Meyer & Johns Dental Blog

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The Desert Within: Xerostomia Causes & Solutions

Xerostomia Dry Mouth
Dry Mouth?  Xerostomia is usually the symptom of an underlying problem.

Did you know?

  • In order to taste what we’re eating, the food molecules must first dissolve in our saliva
  • Unique proteins in saliva help wounds in the mouth heal faster than anywhere else on the body
  • Humans can potentially produce more than 150 gallons of saliva in a year – approximately enough to fill two bathtubs

But what if your salivary glands just don’t give a spit? Dry Mouth is a very real issue for many people and one that shouldn’t be ignored.


What Xerostomia Is

Dry mouth (also known as xerostomia), is abnormal dryness of the mucous membranes in the mouth caused by a reduction of the flow of saliva or a change in its composition. It is a potential symptom of several underlying disorders or can occur as a side effect of certain medications. Though it’s not a serious medical problem by itself, if left untreated dry mouth can contribute to poor nutrition, psychological discomfort, increased likelihood of mouth infections and tooth decay.


What Causes It

According to the American Dental Association, there are several main causes of dry mouth:


Medication is the most frequent cause of Xerostomia, with over 400 potential dry mouth-causing medicines available by prescription and over-the-counter. Some of the most common ones include antihistamines, decongestants, antidepressants, and drugs for hypertension.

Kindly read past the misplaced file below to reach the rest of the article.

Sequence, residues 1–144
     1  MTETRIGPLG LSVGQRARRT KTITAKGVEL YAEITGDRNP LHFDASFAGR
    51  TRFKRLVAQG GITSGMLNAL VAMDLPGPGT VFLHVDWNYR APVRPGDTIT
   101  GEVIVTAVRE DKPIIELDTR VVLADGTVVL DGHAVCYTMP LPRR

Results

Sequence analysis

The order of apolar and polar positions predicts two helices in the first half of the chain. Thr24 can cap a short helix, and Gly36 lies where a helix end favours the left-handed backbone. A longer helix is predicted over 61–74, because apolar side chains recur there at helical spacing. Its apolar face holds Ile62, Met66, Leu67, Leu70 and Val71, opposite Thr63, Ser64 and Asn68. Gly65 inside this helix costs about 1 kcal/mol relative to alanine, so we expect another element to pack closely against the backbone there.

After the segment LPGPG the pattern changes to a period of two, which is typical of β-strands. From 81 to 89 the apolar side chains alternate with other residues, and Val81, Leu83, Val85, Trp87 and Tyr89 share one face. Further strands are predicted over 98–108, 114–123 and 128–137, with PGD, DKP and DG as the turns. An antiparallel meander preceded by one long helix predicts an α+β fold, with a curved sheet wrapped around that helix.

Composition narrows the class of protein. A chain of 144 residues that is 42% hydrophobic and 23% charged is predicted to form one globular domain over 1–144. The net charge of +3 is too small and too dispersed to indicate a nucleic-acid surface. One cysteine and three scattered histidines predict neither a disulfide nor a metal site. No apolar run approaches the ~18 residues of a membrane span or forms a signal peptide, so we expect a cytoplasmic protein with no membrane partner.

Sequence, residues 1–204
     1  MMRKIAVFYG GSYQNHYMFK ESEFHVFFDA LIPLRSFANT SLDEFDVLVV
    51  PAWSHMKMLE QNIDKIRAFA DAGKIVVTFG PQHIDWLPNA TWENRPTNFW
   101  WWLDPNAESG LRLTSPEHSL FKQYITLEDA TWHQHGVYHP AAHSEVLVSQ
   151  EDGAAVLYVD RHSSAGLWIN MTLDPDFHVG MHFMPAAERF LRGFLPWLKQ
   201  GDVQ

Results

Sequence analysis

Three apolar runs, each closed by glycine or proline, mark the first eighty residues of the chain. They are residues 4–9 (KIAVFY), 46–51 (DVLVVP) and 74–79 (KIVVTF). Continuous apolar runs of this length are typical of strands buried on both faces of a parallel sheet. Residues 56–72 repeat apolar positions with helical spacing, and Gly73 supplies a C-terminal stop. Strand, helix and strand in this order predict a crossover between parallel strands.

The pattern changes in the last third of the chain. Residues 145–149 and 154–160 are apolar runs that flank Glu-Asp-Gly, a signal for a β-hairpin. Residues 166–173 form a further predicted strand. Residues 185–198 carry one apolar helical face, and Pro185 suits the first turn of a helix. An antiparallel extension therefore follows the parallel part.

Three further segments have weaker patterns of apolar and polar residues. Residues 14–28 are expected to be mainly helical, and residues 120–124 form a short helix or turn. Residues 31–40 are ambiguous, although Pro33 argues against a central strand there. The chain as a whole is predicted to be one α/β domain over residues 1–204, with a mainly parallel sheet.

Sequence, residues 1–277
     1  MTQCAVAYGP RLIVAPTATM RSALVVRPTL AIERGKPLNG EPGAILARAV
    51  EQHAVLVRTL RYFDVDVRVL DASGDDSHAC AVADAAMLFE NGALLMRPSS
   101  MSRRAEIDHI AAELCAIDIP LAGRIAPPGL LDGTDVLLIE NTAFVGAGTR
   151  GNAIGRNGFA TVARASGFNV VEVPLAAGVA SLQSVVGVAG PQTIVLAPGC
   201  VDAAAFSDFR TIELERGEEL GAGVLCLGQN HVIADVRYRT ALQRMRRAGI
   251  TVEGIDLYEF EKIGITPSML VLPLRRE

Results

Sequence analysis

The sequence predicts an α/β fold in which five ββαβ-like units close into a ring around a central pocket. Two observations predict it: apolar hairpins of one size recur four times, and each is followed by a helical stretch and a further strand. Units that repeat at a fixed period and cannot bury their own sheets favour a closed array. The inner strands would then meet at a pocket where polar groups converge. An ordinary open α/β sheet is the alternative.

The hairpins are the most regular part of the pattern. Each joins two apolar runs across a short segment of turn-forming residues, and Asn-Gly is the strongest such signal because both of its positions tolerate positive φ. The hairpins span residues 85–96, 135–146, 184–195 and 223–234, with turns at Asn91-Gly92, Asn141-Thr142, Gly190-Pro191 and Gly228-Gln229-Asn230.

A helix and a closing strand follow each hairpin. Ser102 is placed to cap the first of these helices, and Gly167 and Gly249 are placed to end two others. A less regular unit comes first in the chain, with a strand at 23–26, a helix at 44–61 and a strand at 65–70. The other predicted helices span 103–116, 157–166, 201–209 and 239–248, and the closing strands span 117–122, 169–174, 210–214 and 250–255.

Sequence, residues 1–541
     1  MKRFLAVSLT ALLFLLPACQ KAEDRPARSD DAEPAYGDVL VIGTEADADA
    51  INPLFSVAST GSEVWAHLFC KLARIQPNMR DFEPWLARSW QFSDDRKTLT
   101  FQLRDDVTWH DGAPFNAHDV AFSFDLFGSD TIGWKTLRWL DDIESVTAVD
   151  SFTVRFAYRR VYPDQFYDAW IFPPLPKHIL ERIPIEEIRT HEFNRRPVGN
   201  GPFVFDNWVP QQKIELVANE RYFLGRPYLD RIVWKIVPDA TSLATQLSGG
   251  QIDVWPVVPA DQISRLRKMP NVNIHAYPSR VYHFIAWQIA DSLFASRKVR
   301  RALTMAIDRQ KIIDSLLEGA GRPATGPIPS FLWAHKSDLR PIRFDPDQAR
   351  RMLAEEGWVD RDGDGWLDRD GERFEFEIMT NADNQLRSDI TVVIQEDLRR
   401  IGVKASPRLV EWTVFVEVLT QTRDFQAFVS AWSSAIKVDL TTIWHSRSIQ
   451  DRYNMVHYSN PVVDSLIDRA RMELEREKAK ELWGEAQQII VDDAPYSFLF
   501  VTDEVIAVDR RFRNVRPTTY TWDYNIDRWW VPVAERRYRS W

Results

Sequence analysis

Autoimmune conditions are the most common dry mouth culprit, with Sjörgen Disease being the most-often associated. Other conditions that contribute to dry mouth include Cystic Fibrosis, Hepatitis C, and Lymphoma, as well as uncontrolled diabetes and hypertension.

Cancer Therapy

Patients undergoing radiation or chemotherapy for head and neck cancers often experience Xerostomia symptoms, which typically resolve after the treatment ends. However, chronic dry mouth may occur when the toxicity of chemo drugs or radiation damages the salivary glands.


What You Can Do About It

The most pressing dental concern for patients is the effect of dry mouth on teeth. As we’ve discussed, saliva plays an important part in keeping your tooth enamel intact and healthy, so if left untreated, prolonged Xerostomia can lead to increased bacteria, plaque, and tooth decay.

However, the good news is that it is a very treatable condition. The top strategies are also easy to implement, including:

  • Adequate hydration to help keep the mouth moist
  • Use sugar-free gum, candy, or mints to stimulate saliva production
  • Leave a room vaporizer on at night to add moisture to the air
  • Use an over-the-counter artificial saliva substitute

If a dry mouth is bothering you, ask us at your next appointment and we’ll recommend a solution to help you keep your mouth and teeth healthy.